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Favorite Cold Hardy Feather Palm


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Poll: Favorite Cold Hardy Feather Palm (7 member(s) have cast votes)

  1. Acrocomia aculeata (5 votes [4.42%])

    Percentage of vote: 4.42%

  2. Arenga engleri (6 votes [5.31%])

    Percentage of vote: 5.31%

  3. Attalea cohune (6 votes [5.31%])

    Percentage of vote: 5.31%

  4. Butia capitata (13 votes [11.50%])

    Percentage of vote: 11.50%

  5. Butia capitata X Syagrus romanzoffiana (16 votes [14.16%])

    Percentage of vote: 14.16%

  6. Ceroxylon alpinum (3 votes [2.65%])

    Percentage of vote: 2.65%

  7. Dypsis decipiens (30 votes [26.55%])

    Percentage of vote: 26.55%

  8. Jubaea chilensis (19 votes [16.81%])

    Percentage of vote: 16.81%

  9. Phoenix canariensis (7 votes [6.19%])

    Percentage of vote: 6.19%

  10. Syagrus romanzoffiana (8 votes [7.08%])

    Percentage of vote: 7.08%

Vote Guests cannot vote

#1 ruskinPalms

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Posted 18 September 2007 - 10:02 AM

With winter approaching in the northern hemisphere, I started to think about what I SHOULD have planted in my garden rather than all the Cocos, Veitchia and Wodyetia... I picked these because they are some of my favorites and they are supposed to be able to take freezes AND frost. Too bad some of those on the list will not grow here in Florida. What are your favorite cold hardy feather palms from the list above?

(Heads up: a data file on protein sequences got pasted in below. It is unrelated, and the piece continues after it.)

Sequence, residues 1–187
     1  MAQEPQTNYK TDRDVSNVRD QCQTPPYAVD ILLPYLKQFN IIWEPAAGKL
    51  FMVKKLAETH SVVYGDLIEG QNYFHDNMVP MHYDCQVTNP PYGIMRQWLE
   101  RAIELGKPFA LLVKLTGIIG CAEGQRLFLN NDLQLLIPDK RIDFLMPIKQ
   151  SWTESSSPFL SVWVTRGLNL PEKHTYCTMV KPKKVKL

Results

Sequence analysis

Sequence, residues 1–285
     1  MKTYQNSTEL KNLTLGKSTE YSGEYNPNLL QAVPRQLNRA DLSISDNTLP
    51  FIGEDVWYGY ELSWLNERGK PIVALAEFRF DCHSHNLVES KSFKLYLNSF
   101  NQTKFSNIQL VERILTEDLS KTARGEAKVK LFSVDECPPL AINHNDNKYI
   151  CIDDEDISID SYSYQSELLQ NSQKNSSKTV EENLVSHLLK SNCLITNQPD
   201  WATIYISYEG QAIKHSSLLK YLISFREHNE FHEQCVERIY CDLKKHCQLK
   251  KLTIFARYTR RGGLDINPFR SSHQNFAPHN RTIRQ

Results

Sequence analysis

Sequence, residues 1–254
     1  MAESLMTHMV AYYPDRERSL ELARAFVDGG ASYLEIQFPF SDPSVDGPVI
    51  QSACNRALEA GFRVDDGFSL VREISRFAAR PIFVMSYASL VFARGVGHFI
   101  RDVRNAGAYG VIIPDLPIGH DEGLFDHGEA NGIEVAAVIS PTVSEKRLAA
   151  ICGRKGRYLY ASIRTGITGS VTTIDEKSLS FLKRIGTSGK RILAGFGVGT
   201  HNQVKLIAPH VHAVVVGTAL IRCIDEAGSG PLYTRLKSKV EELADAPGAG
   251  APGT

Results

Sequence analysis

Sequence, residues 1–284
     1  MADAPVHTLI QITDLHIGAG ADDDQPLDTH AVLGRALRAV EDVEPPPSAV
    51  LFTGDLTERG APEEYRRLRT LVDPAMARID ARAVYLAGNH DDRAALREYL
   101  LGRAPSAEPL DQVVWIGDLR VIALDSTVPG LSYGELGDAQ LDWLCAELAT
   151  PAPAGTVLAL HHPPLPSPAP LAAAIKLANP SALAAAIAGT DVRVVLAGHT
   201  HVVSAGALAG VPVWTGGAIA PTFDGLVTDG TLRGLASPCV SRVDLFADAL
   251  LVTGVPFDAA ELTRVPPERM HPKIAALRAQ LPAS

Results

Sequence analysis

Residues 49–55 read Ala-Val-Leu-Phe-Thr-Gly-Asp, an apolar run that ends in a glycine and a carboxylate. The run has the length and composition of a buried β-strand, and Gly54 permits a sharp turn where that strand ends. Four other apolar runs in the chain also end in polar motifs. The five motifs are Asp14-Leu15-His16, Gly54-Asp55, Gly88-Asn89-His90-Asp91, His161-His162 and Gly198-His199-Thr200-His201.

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#2 LJG

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Posted 18 September 2007 - 11:15 AM

I do not think Attalea cohune is cold hardy at all.

I had to go with Dypsis decipiens. Nothing like large, mature ones.
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Len

Vista, CA (Zone 10a)
Shadowridge Area

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#3 paulgila

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Posted 18 September 2007 - 11:19 AM

oops,i didn't see d.decipiens at 1st glance & voted for something else :angry:
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the "prince of snarkness."

still "warning-free."

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#4 ruskinPalms

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Posted 18 September 2007 - 11:54 AM

Sorry everyone, I thought Attalea cohune was supposed to be good down to low to mid 20's F. At least there are still 9 appropriate choices.
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Zone 9B

#5 redant

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Posted 18 September 2007 - 12:21 PM

While all is subject to debate,.......